In 1953, the French literary critic Roland Barthes published his now classic work Writing Zero Degree. "Writing," Barthes argued, was liberty by other means: While the artist is "situated" in a specific historical context, she nevertheless expresses her individuality through the language and style she fuses together. Freedom is possible even in a world where events seem determined.
Sixty years later, as the world debates the merits of a military strike on Bashar al-Assad's regime in Syria, France has returned to a sort of zero degree. This is both odd and fitting. Odd, because rather than France's artists, it is her foreign-policy makers who seem to have turned to Barthes. Fitting, because as Paris becomes ever more deeply "situated" in the Syrian morass, the government of François Hollande has taken the opportunity to express a new riff on the theme of French exceptionalism.
Last week, Hollande's foreign minister, Laurent Fabius, addressed a gathering of French ambassadors and diplomats who met at the Quai d'Orsay for a series of conferences on the challenges France faces over the next 10 years. There was, of course, much self-congratulation for the country's successful military intervention in Mali -- recently handed off to U.N. peacekeepers -- and much self-introspection about problems ranging from global warming to disparities in global economic development.
Amidst the high-fives and deep thoughts, however, Fabius slipped in some insight about how he -- and perhaps the Quai d'Orsay -- conceptualizes the world. Until the 21st century, he noted, France navigated global seas that were variously bipolar, unipolar, and multipolar. Now, however, France has lurched into an "a-polar or zero-polar world." Teeming with "numerous actors, both states and non-states, of varying sizes and natures," this brave new world defeats the efforts of a single actor, or even a group of actors, to "assure effective and uncontested leadership."
This notion is intriguing less for what it says about the world -- after all, it is but a French remake of Richard Haass's "non-polar world" or Ian Bremmer's "G-zero world" -- than for what it says about France. In effect, Fabius wants to "situate" France, to use Barthes's term, in a world that will allow it to preserve and justify what remains of its vaunted foreign policy independence. A zero-polar world is, in effect, a weightless world -- one where a nation in decline might actually rise. In a world without magnetic north, deep cuts to France's military budget need not preclude her ability to project herself as a "puissance repère" or "noteworthy power," to borrow from Fabius. In short, America's "oldest ally" is back. Unfortunately, as in 1776, her finances are shoddy and her political leadership keener on making tough decisions abroad than at home.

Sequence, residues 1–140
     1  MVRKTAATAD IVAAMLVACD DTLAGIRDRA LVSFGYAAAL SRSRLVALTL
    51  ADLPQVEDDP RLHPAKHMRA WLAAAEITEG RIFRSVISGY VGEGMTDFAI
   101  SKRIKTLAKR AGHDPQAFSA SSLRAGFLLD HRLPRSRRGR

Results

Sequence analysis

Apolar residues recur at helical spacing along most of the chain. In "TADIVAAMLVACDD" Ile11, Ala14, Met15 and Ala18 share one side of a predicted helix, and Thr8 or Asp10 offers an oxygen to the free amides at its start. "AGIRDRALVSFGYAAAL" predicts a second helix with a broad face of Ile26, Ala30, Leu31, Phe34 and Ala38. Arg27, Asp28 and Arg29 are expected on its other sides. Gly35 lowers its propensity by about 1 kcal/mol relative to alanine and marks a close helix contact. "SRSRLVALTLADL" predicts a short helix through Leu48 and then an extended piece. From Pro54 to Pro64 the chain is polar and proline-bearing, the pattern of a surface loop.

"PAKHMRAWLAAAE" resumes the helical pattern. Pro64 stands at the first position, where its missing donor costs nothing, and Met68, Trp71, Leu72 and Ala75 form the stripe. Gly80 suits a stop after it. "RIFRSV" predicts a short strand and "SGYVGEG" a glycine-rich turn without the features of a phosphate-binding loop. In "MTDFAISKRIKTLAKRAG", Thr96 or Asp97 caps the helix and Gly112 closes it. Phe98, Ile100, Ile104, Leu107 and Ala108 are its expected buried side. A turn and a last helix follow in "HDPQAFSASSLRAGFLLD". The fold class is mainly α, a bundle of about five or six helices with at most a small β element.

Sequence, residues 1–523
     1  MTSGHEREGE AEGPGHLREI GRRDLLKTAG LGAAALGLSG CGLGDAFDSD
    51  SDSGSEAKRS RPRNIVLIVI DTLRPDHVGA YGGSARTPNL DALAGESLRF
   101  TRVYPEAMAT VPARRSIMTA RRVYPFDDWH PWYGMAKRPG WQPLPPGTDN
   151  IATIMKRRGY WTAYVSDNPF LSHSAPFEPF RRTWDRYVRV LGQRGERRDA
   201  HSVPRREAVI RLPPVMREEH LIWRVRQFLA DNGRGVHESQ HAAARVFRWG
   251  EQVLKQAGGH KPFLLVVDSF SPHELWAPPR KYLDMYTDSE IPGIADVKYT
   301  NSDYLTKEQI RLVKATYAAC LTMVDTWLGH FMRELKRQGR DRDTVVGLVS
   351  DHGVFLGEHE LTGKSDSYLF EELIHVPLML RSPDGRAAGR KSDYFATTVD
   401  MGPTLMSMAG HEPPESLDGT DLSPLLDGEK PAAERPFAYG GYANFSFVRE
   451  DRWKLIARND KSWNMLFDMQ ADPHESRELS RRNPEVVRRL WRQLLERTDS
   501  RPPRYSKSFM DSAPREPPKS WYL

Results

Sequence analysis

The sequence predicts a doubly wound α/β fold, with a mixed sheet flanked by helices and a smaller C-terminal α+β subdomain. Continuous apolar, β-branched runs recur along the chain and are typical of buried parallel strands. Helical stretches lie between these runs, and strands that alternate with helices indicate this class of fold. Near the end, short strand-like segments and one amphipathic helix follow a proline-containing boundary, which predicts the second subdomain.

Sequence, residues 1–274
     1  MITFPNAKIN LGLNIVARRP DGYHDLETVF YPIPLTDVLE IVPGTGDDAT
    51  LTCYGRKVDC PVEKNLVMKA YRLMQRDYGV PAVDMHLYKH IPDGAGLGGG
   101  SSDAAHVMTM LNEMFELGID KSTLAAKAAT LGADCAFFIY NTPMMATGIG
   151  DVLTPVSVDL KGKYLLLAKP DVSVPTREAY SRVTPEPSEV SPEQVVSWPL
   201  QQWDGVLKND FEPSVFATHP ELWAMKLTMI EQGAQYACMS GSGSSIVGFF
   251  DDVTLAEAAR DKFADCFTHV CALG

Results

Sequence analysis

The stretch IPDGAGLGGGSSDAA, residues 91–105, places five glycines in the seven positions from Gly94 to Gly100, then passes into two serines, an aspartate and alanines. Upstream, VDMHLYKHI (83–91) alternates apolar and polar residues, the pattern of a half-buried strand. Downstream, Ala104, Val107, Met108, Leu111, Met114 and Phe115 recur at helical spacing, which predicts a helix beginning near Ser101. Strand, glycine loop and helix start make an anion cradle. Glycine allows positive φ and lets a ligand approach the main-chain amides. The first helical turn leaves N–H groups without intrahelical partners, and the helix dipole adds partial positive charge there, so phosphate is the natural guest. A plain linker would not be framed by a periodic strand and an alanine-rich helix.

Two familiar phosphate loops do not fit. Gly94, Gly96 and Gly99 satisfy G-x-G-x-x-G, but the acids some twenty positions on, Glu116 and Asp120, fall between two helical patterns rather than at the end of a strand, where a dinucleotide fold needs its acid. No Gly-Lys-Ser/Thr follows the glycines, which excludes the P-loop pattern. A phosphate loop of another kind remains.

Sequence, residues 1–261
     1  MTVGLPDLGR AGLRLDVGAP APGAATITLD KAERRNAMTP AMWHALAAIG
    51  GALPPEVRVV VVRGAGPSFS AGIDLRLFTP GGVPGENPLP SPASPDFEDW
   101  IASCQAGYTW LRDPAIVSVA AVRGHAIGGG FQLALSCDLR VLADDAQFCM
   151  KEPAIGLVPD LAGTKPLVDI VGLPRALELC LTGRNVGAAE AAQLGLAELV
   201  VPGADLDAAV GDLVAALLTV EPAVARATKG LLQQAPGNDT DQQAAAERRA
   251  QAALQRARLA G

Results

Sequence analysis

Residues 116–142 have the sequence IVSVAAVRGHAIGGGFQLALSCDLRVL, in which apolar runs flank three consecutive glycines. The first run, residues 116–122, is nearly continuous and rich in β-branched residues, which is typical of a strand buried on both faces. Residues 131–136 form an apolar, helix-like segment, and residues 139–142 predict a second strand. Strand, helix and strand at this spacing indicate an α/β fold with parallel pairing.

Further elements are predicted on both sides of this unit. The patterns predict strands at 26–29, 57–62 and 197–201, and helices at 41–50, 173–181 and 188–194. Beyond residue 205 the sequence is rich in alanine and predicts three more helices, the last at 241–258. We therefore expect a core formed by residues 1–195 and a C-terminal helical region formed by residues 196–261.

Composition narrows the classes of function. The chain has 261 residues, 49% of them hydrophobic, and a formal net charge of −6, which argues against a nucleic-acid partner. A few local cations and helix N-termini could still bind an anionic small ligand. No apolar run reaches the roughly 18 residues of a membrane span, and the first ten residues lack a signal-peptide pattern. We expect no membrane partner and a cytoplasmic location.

As images from the Aug. 21 gas attack in the Damascus neighborhood of Ghouta began to filter into the Western media, Hollande declared boldly that those responsible for the attack "will be held responsible." By Aug. 25, French intelligence services were certain that Damascus had ordered the attack; two days later, at the same meeting of ambassadors where Fabius spoke, Hollande announced that "France is ready to punish those who took the heinous decision to gas innocents." As with the case of Mali earlier this year, Hollande's determination and decisiveness in this instance contrasted dramatically with his actions on domestic issues. Monsieur Flamby had again morphed into Asterix, the slight but fearless hero of René Goscinny's comic book series.
Also like the Mali operation, the opposition parties seemed once again to be slouching towards a "union sacrée" -- a government of national unity reminiscent of the solidarity that reigned during World War I. The day after Hollande pledged to punish the perpetrators, Jean-François Copé, the leader of the neo-Gaullist Union for a Popular Movement (UMP) announced that the president's declaration was, in both language and substance, spot-on. In response to those who worried about the legality of such an intervention, Alain Juppé, foreign minister under both Jacques Chirac and Nicolas Sarkozy, declared that one hardly needed to cite Antigone to recall that there are certain unwritten moral precepts that trump written laws. And had not Dominique de Villepin, France's dashing foreign minister who led the opposition to the American invasion of Iraq in 2003, earlier criticized Hollande for being too soft on the Assad regime? France must keep open its military options, he said in mid-2012: "If a crisis develops in the region, France will have no choice but to step in."